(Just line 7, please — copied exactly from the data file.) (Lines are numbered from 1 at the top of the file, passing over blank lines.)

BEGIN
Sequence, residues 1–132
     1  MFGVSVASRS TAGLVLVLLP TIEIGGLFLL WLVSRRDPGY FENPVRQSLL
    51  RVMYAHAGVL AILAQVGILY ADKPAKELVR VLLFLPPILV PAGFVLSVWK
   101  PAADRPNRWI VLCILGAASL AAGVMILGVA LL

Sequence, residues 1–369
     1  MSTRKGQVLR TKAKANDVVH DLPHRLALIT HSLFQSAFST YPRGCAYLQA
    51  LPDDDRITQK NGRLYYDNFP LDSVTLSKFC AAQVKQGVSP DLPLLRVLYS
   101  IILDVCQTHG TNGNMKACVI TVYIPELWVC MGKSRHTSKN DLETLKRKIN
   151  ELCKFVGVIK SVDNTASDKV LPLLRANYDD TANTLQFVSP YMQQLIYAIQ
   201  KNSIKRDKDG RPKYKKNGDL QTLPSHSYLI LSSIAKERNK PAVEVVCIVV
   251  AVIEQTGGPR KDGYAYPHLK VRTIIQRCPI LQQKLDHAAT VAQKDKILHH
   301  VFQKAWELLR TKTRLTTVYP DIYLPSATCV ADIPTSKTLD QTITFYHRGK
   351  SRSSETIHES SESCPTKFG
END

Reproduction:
    51  LPDDDRITQK NGRLYYDNFP LDSVTLSKFC AAQVKQGVSP DLPLLRVLYS